1. the type, complexity, and level of risk or difficulty of activities; and
  2. the ages, abilities, developmental levels, and needs of children and youth.


Ratios of personnel to children/youth should be higher when projects involve potentially dangerous activities or equipment (e.g., cooking, carpentry, leatherworking, swimming, gymnastics, biking, sledding, or skating), or when children and youth are learning a new or difficult skill. In some cases it may be necessary for personnel who supervise potentially risky activities to receive specialized training, as determined by industry safety standards. Extra adults should also be present on field trips that are difficult to supervise (e.g., trips to amusement parks, beaches, ski areas, or campgrounds). Ratios should not typically exceed 1:25, for any type of activity.  
Similarly, group sizes should typically be smaller when projects involve potentially dangerous activities or equipment, or when children and youth are learning a new or difficult skill. Groups may be larger for activities such as sports, art, reading, or board games, but should not typically exceed 30 children/youth, except for activities such as outdoor play, performances, or assemblies (as long as adequate supervision is provided).

Fundamental Practice

PA-OST 19.03

The agency implements a supervision system that: 
  1. enables personnel to know where children and youth are, and what they are doing, at all times;
  2. allows personnel to see and/or hear all the children and youth they are supervising;
  3. includes special provisions for monitoring children and youth who have permission to be out of sight;
  4. protects younger children when they move from place to place or use the restroom;
  5. enables children and youth to access help at all times; and
  6. makes communication possible between different areas within the program site.
Examples: Agencies can use low barriers between designated spaces to promote visibility, and install convex mirrors to supplement line-of-sight supervision.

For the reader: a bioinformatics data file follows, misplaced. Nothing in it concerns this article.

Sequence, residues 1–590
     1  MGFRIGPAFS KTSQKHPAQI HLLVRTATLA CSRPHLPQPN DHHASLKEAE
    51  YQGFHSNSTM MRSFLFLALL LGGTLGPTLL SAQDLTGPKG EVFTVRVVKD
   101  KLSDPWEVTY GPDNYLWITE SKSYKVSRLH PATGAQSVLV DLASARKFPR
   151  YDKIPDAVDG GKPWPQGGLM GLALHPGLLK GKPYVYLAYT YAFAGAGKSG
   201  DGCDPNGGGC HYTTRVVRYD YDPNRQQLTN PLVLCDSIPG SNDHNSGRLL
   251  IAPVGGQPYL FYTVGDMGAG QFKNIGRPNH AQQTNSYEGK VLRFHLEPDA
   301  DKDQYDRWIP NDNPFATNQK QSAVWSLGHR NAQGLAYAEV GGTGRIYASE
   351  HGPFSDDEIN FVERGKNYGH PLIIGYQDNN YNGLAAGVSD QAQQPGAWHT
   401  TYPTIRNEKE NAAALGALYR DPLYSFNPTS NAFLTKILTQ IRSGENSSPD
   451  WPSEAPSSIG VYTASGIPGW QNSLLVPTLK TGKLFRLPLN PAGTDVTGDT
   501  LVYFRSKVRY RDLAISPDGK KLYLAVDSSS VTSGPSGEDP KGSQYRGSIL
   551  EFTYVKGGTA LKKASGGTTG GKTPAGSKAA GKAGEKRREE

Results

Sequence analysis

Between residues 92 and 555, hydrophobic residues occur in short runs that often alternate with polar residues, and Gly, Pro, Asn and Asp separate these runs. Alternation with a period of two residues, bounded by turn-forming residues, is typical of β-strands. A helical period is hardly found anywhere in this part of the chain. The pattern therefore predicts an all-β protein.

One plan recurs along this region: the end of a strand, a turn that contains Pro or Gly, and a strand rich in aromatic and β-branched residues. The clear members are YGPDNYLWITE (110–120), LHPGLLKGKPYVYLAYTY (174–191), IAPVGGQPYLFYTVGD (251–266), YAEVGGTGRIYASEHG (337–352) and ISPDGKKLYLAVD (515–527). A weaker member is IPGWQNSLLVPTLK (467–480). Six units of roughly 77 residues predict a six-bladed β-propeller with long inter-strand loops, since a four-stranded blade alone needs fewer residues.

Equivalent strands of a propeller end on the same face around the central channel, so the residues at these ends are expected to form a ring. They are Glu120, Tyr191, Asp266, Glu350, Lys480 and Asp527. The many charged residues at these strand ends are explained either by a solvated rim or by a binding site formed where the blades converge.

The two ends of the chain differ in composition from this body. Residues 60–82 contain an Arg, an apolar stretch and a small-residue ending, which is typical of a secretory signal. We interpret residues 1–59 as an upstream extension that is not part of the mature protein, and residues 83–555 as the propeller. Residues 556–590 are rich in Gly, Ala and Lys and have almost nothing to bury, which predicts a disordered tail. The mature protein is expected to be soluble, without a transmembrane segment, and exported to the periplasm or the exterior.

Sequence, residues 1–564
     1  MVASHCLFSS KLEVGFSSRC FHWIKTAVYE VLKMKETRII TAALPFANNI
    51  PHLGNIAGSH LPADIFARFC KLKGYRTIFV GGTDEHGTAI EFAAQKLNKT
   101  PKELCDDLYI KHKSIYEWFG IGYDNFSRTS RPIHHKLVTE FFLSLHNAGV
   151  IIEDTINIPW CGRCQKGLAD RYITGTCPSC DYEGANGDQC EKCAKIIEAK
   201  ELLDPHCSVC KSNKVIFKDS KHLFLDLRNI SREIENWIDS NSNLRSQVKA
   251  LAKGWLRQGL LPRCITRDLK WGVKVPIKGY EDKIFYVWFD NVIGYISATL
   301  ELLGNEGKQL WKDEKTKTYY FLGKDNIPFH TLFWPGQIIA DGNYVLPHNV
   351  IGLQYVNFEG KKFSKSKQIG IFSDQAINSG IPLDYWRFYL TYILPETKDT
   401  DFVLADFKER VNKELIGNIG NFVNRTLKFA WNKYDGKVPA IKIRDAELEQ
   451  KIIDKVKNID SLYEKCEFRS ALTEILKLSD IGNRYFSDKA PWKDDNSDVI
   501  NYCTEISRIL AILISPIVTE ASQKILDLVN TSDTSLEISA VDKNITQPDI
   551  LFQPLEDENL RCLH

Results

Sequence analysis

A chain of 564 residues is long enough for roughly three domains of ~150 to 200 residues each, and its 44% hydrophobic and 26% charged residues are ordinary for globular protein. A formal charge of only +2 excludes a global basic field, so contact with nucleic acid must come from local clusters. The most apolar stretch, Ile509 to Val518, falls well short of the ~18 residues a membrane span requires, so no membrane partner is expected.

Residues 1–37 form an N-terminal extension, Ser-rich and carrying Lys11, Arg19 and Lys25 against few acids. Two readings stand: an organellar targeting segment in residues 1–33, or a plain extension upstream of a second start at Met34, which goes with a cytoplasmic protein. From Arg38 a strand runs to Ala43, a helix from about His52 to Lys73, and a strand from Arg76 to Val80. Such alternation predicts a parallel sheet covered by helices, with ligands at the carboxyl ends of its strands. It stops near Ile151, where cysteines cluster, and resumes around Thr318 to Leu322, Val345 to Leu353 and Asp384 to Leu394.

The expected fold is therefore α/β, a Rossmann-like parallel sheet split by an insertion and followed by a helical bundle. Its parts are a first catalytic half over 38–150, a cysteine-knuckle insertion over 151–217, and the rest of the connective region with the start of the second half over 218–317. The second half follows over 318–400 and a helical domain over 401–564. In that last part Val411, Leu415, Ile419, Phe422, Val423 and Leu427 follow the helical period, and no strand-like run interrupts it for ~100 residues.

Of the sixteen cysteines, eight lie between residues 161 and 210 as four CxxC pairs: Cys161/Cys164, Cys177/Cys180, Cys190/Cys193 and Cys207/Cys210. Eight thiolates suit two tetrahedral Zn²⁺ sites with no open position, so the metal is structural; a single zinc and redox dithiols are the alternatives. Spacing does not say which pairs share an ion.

Systems for supervision, and the level of supervision provided, may vary based on the developmental stages and needs of the children and youth served. For example, agencies serving younger children might monitor which children are in the restroom, and how long they have been there, by having children put a clothespin by their name and set an egg timer when they leave the room. Conversely, the level of supervision should also respect older youths’ need for independence. Accordingly, an agency serving older youth might develop a policy allowing more independence that is worked out with youth, their families, and personnel.

Fundamental Practice

PA-OST 19.04

The agency ensures safety during arrivals and dismissals by: 
  1. working with parents or other appropriate family members to obtain instructions for arrival and dismissal, including when children and youth are supposed to arrive and how, and with whom, they are allowed to depart;
  2. establishing a system for monitoring when children and youth arrive, when they leave, and with whom they leave;
  3. developing a system to keep unauthorized people from taking children and youth;
  4. establishing protocols for families or schools to contact the agency if children and youth will be arriving late, leaving early, or absent;
  5. developing procedures that address how to respond if a child or youth is not picked up in a timely manner at dismissal; and
  6. contacting a responsible adult listed on the emergency form, or the school, if questions arise.
NA The agency only serves older youth who can come and go independently.

Fundamental Practice

PA-OST 19.05

There is a plan to provide adequate staff coverage: 
  1. when personnel are absent (i.e. due to illness, personal reasons, or professional development);
  2. when personnel leave the room to take a break or retrieve supplies; and
  3. when emergencies or special circumstances arise during program time.


Even if one staff member is sufficient to meet the program ratio specified in PA-OST 19.01, a second adult should be on hand to assist in case an emergency or special circumstance arises.
Examples: Emergencies or special circumstances include situations where a child becomes ill, requires separation from the group, needs special supervision or care, or has an emergency, as well as situations where a staff member becomes ill or has an emergency. The agency can support implementation of this standard by keeping an up-to-date list of adults who are qualified to serve as substitutes.

Fundamental Practice

PA-OST 19.06

One-on-one interactions between personnel and children and youth are in public areas visible by at least one other adult.


It is acceptable for a staff member to be alone with a child or youth during brief periods of transition (e.g., while escorting a child from the cafeteria to the computer lab), as long as their whereabouts are communicated to other personnel.